Symposium 4: 13th July 2022, 3pm to 5pm GMT+5 (Malaysian local time)
This symposium will also feature an engaging workshop presented by this newsletter edition’s Spotlight Feature, Pantau Gambut! The workshop might be helmed by youth, but it’s targeted at an audience of all ages.
Workshop: 15th July 2022, 3pm to 5pm GMT+5 (Malaysian local time)
VIRTUAL SYMPOSIUM 5: CULTURE AND SUSTENANCE
The final workshop of the 2022 series will touch on the cultural practices of peatland communities and the role of these critical ecosystems on their sustenance. Don’t miss out on this valuable learning opportunity.
Symposium 5: 17th August 2022, 3pm to 5pm GMT+5 (Malaysian local time)
HYBRID BUSINESS HUB SUMMIT
After completing their 9-month programme, our PFP Business Hub Cohort 1 members are finally ready to present their projects to stakeholders and potential funders! This hybrid event in Jakarta, Indonesia in July allows participants to either attend in person or via Zoom. The Summit will be a closed-door event, but we can’t wait to share their success stories with you in the coming months.
| S T O R I E S |
This edition’s peat hero is Professor Nguyen Khoi Nghia from the University of Can Tho in Vietnam. Prof. Nghia is an expert on soil and environmental microbiology and champions the use of natural methods to produce high quality agriculture products. He is passionate about protecting Vietnam’s peatlands and has been vocal in calling for more action, especially after the destructive fires at the U Minh Thuong National Park which severely damaged the area’s peat layer.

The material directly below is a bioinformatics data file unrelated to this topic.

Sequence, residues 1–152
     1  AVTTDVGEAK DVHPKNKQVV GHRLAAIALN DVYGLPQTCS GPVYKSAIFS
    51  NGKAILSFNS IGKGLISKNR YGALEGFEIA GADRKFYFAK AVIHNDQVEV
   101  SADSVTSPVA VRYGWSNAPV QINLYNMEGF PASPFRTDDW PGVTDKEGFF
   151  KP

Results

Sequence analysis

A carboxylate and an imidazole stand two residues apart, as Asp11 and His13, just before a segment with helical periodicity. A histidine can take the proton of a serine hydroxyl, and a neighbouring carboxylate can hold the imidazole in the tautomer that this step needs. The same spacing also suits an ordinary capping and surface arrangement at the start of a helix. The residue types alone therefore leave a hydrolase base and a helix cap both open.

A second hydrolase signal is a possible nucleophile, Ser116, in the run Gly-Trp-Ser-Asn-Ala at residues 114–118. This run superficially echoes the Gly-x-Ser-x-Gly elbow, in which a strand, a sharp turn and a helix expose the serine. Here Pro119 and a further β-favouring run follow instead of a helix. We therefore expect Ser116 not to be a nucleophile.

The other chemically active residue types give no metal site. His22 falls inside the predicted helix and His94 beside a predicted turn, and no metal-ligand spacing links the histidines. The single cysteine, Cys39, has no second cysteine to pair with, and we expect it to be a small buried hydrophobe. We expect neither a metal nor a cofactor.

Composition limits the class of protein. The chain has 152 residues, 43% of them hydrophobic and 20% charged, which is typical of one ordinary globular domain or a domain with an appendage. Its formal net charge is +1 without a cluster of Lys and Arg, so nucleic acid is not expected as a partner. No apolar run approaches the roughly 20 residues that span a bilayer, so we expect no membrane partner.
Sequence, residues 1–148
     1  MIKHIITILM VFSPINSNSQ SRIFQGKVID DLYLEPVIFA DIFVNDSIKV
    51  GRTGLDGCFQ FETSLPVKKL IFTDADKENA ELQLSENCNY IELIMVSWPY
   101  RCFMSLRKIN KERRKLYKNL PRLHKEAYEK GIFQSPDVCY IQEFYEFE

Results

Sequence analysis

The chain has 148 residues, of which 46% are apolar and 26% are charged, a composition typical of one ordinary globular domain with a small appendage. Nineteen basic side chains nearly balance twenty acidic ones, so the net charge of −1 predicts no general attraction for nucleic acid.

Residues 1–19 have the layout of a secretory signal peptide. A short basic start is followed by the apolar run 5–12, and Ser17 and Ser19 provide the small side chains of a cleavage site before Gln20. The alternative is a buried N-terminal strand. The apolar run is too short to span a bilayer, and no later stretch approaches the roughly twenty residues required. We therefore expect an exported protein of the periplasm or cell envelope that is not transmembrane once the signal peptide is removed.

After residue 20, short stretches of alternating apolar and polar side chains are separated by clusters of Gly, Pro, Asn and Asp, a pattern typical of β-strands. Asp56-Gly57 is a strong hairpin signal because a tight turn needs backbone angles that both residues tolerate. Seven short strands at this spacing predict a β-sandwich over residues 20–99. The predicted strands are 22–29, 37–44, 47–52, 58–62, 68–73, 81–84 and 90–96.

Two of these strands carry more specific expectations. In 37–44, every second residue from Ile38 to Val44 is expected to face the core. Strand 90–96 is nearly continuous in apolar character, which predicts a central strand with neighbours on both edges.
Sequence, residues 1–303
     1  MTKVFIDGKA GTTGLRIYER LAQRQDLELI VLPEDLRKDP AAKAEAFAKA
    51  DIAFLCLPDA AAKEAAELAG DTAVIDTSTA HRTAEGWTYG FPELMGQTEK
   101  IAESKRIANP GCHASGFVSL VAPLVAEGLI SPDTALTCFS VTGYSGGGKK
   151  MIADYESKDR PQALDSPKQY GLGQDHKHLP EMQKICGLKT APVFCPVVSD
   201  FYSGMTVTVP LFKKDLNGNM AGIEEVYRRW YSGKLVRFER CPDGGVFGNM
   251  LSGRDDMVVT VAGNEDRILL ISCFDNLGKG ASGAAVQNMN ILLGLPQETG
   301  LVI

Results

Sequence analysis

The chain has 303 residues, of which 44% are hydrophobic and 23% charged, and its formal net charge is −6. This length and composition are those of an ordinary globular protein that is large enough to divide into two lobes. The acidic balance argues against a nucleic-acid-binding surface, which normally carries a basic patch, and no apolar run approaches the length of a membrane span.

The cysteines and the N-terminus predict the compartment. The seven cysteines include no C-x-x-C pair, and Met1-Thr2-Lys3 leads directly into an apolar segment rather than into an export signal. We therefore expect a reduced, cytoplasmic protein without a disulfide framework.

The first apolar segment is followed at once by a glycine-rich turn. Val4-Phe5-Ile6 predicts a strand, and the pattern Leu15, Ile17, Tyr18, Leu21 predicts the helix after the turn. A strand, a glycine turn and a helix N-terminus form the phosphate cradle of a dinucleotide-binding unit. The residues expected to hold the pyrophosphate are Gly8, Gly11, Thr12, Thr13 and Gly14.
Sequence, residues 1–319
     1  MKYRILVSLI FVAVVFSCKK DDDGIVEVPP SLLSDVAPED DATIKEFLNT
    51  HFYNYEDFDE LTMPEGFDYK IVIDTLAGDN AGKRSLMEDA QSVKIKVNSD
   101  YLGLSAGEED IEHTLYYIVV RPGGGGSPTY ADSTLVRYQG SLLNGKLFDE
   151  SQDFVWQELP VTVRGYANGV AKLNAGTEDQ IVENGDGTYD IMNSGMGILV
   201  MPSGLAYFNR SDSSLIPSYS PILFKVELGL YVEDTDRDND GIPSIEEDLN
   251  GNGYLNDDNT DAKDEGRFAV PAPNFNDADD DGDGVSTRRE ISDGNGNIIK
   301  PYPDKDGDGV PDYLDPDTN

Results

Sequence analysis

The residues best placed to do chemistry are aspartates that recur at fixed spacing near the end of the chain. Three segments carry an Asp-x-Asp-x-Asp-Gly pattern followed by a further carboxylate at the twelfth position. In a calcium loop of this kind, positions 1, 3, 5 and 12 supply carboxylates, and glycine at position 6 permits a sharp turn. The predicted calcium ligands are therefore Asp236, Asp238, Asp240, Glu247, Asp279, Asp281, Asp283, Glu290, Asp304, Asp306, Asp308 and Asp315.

Know someone who deserves to be featured on Peat Heroes? Send us an email.
| N E W S O N P E A T |
Peatland Development Might Be Impacting Marine Life
A recent study on Southeast Asian waters suggested that peatland disturbance can go beyond impacts to the carbon cycle and extend to oceanic life. Researchers using satellite remote sensing found a correlation between human activity on peatlands and the amount of dissolved organic carbon (DOC) in the ocean. As more peatlands are converted for agriculture, DOC levels in the oceans increase, impacting the amount of light available for underwater organisms through coastal darkening.
Read more here.
Oil Palm Agriculture and Peatlands Can Exist in Harmony
A new study has turned long-held assumptions about growing oil palm on peatlands on its head. Mongabay reported on a study carried out in Indonesia, which found oil palms growing on rewetted wetlands yield just as much fruits as those in drained peatlands, making a strong argument for keeping peatlands pristine. Not only does keeping peatlands wet maintain yields, it also secures local livelihoods by reducing the risk of fires.
Read more here.
Do you have an ongoing project with tropical peatlands?
Send us an email at email@example.com.
| S P O T L I G H T |
Pantau Gambut provides access to information on a variety of peatland issues via their online platforms. Their website offers updated information about the commitments made to restore peatlands in Indonesia as well as easily digestible information on the critical ecosystem. Their engaging social media content has also been hugely successful in raising awareness about peatlands.
Pantau Gambut will also be speaking at our Workshop 2 with the theme of The Role of Youth in Peatland Awareness & Haze Mitigation.
Follow Pantau Gambut to receive new updates.
| O P P O R T U N I T I E S |
PFP Business Hub welcomes partners & projects on peatlands in research, business & investment, & community involvement.
QUOTE OF THE MONTH
"One of the big challenges is the trade-off between livelihoods of owners of small farms and ensuring biodiversity in [peatlands] … retaining more water in oil palm farms to reduce fire risk seems to have no effect on yields, which is good news for farmers"